1. An automated de-icing system for a low power lighting device having a light emitting face, the system comprising:
at least one detector for detecting conditions under which ice, frost or snow are likely to occur on the light emitting face;
a heat transfer system for transferring heat to the light emitting face; and
a controller for receiving data from the at least one detector and determining a likelihood of ice, frost or snow forming on the light emitting face, wherein the controller engages the heat transfer system if the likelihood of ice, frost or snow forming on the light emitting face exceeds a threshold;
wherein the controller determines the likelihood of ice, frost or snow forming on the light emitting face according to different relative weights of a plurality of detectors of the at least one detector.
2. The automated de-icing system of claim 1, wherein the at least one detector includes a detector for detecting one of temperature, relative humidity, atmospheric pressure, and wind direction and velocity.
3. The automated de-icing system of claim 1, wherein the heat transfer system includes heat conductive material on or embedded within the light emitting face.
4. The automated de-icing system of claim 3, wherein the heat transfer system includes resistive material on or embedded within the light emitting face.
5. The automated de-icing system of claim 1, wherein the low power lighting device is a traffic signal, a wayside rail signal, an area lighting device, a street lighting device, a tunnel lighting device, or an architectural lighting device.
6. The automated de-icing system of claim 1, wherein the automated de-icing system is installed within a housing of the low power lighting device.
7. The automated de-icing system of claim 1, wherein the controller and/or the at least one detector are external to a housing of the low power lighting device.
8. An automated de-icing method for a low power lighting device having a light emitting face, the method comprising:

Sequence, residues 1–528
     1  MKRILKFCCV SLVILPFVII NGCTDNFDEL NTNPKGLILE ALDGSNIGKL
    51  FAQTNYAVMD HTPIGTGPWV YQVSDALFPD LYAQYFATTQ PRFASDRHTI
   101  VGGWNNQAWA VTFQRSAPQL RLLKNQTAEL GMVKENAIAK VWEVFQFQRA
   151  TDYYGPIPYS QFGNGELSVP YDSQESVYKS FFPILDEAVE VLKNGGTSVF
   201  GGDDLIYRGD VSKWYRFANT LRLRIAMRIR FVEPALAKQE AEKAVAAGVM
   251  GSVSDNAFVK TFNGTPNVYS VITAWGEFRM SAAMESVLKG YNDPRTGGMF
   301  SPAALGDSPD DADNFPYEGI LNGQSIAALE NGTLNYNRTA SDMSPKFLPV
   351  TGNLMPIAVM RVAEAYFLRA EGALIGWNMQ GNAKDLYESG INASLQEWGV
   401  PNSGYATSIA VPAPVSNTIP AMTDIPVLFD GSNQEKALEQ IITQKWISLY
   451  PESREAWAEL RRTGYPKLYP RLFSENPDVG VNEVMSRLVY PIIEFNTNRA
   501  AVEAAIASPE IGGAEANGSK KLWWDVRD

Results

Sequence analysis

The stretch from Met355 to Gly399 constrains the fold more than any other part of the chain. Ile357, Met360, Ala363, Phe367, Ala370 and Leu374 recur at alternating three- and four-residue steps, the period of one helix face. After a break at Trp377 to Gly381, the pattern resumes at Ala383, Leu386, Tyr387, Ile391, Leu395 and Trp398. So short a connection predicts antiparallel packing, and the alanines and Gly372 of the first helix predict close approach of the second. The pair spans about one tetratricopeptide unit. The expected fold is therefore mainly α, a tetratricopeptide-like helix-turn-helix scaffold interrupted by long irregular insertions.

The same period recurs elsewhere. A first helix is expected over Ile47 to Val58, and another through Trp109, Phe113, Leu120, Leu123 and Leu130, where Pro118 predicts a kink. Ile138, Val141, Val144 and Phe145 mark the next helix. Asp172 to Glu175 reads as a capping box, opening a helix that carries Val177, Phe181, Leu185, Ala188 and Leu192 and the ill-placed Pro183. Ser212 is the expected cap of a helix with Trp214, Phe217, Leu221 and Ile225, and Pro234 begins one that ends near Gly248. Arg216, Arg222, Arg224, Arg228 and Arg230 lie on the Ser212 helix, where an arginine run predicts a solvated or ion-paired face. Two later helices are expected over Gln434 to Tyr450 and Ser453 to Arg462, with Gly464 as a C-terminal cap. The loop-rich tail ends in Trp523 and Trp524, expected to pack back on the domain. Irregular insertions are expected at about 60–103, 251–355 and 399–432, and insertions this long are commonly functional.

detecting at least one condition under which ice, frost or snow is likely to occur on the light emitting face;
receiving data of the at least one condition;
determining a likelihood of ice, frost or snow forming on the light emitting face from the received data, the determination performed before formation of ice, frost or snow;
transferring heat to the light emitting face if the likelihood of ice, frost or snow forming on the light emitting face exceeds a threshold; and
assigning different relative weights to received data of a plurality of conditions of the at least one condition, wherein the likelihood of ice, frost or snow forming on the light emitting face is determined using the relative weights.
9. The automated de-icing method of claim 8, wherein the at least one condition is one of temperature, relative humidity, atmospheric pressure, and wind direction and velocity.
10. The automated de-icing method of claim 8, wherein the heat is transferred via a heat conductive material on or embedded within the light emitting face.
11. The automated de-icing method of claim 10, wherein the heat is transferred via resistive materials on or embedded within the light emitting face.
12. The automated de-icing method of claim 8, wherein the low power lighting device is a traffic signal, a wayside rail signal, an area lighting device, a street lighting device, a tunnel lighting device, or an architectural lighting device.
13. The automated de-icing method of claim 8, wherein the automated de-icing method is performed within a housing of the low power lighting device.
14. The automated de-icing method of claim 8, wherein the automated de-icing method is performed external to a housing of the low power lighting device.
15. A low power lighting system comprising: a housing having one or more LEDs disposed therein, wherein the housing includes an light emitting face, and an automated de-icing system comprising:
at least one detector for detecting conditions under which ice, frost or snow are likely to occur on the light emitting face;
a heat transfer system for transferring heat to the light emitting face; and
a controller for receiving data from the at least one detectors and determining a likelihood of ice, frost or snow forming on the light emitting face, the determination performed before formation of ice, frost or snow, wherein the controller engages the heat transfer system if the likelihood of ice, frost or snow forming on the light emitting face exceeds a threshold;
wherein the controller determines the likelihood of ice, frost or snow forming on the light emitting face according to different relative weights of a plurality of detectors of the at least one detector.
16. The low power lighting system of claim 15, wherein the at least one detector includes a detector for detecting one of temperature, relative humidity, atmospheric pressure, and wind direction and velocity.
17. The low power lighting system of claim 15, wherein the automated de-icing system is installed within the housing.
US12/632,913 2008-12-12 2009-12-08 Automated de-icing system for low power lighting apparatus Active 2030-11-18 US8242431B2 (en)

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EP2196732A1 (en) 2010-06-16